Historical story

Battle of Manzikert (August 26, 1071)

Last updated:2022-07-25

The Battle of Manziker t (1071) pitted the Byzantine army of Roman Emperor IV against the Seljuk Turks commanded by Alp Arslan. Victorious, the latter seized almost all of Asia Minor. Among the reasons invoked to justify the First Crusade, the Turkish conquest in the East figures prominently. First slaves within the Abbasid armies, the Turks gained political importance during the tenth century, and some of them, thanks to the title of sultan given by the caliph, succeeded in carving out principalities and to extend Turkish influence to Syria and Anatolia. Among these Turkic peoples, the Seljuks, who during the 11th century asserted their authority over the region, going so far as to threaten Byzantium. It was precisely this struggle between the Seljuks and the Byzantines that culminated in the Battle of Manzikert . For what consequences?

The Seljuks masters of the Muslim East?

The Turks were in Islam, until the 11th century, military slaves (Mamluks ). From the 9th century, they formed the bulk of the Caliphate Guard and their wives populated the harems of Baghdad. It was then different nomadic Turkish peoples who began to settle in the Muslim East, entering the service of the Caliph and becoming Islamized. The Abbasid caliphate was weakened in the 10th century, and soon under the tutelage of the Buyid Shiites, which facilitated the installation of the Turks. Some of the latter take important places within the army, but also in the administration, sometimes with the title of vizier.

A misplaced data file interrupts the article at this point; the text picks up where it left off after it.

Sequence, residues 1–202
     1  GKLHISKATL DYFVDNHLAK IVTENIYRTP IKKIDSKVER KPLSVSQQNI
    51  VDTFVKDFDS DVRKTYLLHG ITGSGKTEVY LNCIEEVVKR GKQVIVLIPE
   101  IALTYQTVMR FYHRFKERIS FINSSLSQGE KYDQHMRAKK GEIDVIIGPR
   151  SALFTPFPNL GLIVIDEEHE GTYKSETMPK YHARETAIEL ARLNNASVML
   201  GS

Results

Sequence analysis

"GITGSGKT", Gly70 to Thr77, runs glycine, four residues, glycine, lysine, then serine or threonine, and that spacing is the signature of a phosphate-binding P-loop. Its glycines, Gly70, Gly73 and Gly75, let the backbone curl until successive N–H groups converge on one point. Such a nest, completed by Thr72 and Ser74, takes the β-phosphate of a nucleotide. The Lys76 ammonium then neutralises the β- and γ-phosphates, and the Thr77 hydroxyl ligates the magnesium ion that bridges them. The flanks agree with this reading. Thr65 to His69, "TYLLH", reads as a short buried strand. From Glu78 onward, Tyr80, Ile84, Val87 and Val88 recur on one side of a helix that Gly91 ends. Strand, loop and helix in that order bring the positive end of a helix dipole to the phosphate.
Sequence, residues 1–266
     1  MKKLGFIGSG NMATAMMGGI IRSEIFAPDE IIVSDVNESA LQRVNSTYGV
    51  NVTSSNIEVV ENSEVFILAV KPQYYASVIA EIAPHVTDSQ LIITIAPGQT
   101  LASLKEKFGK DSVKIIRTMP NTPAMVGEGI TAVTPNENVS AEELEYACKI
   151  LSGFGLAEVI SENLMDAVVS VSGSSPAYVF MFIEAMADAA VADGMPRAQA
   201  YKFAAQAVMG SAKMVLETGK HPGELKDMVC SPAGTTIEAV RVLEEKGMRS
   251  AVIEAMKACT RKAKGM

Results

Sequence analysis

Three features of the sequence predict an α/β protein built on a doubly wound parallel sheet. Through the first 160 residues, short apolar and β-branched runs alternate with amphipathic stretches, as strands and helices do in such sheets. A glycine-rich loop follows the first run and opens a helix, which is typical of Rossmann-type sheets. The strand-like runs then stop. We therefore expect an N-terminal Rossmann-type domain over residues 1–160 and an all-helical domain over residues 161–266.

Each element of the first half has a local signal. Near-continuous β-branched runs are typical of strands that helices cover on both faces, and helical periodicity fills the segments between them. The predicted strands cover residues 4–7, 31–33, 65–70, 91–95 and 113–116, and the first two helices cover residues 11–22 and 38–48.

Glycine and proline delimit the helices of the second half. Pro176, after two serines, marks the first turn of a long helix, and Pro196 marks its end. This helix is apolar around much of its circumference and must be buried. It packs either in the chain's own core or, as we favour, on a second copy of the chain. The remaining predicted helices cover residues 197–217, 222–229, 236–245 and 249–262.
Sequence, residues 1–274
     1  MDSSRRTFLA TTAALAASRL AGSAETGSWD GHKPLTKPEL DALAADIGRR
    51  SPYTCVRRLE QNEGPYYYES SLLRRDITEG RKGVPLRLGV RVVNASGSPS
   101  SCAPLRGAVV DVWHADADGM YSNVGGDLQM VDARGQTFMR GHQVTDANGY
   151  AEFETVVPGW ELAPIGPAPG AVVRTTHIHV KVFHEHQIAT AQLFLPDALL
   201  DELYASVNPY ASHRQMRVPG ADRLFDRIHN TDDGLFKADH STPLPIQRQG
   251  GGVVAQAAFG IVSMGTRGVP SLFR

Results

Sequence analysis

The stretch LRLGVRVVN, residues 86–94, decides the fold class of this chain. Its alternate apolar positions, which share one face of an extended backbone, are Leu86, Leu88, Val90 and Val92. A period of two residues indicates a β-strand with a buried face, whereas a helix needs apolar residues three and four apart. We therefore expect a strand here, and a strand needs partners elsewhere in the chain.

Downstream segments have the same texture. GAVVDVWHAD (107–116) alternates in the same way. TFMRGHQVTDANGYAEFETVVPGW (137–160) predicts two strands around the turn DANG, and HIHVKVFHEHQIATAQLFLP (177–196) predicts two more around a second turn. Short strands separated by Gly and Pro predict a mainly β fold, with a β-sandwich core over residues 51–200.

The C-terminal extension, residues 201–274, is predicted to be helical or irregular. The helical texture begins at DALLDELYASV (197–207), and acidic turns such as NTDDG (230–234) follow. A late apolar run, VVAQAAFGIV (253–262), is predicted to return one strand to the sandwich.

Among the Turkic peoples who become influential during the 11th century are the Oghuz, led by Seljuk (who will therefore give his name to the dynasty). During the 1030s, they undermined the domination of the Ghaznavids and the Buyids in the East, and in 1055 they imposed themselves by force as protectors of the Abbasid caliph al-Qâ'im, when their sultan Tughrîlbeg (or Tuğrul Bey) entered Baghdad. They hold de facto power, driving the Buyids out of the Abbasid capital.

However, the Seljuk push does not stop in Iraq. Tuğrul Bey's successor, Alp Arslân (sultan in 1063), pushed aside his rivals and advanced even further west, in particular towards Anatolia. It also threatens Syria and the possessions of the rival caliphate of Baghdad, that of the Fatimids of Cairo. On the eve of the battle of Manzikert, the Seljuks are therefore in full swing with their conquering spirit.

A weakened Byzantine Empire

The 11th century meant for Byzantium the return of internal divisions. Indeed, Basil II left no heir when he died in 1025. Then began a competition to create a new dynasty capable of succeeding that of the Macedonians. After the brother of Basil II, Constantin VIII, it was the daughters of the latter who "made" the emperors, and the instability left to last half a century, despite the relatively long reign of Constantine IX Monomakh (1042-1055) . The struggle opposes large aristocratic factions, among which the Macedonians of course, but also the Diogenes or even in Constantinople the Comnenus. It is precisely a representative of this last dynasty, Isaac Comnenus, who imposes himself for a time in 1057, thanks to the support of the patriarch of Constantinople, Michael Cérulaire (famous for his role in the schism with Rome in 1054). But quickly worn out despite his qualities, he had to give way to Constantin X Doukas barely two years later!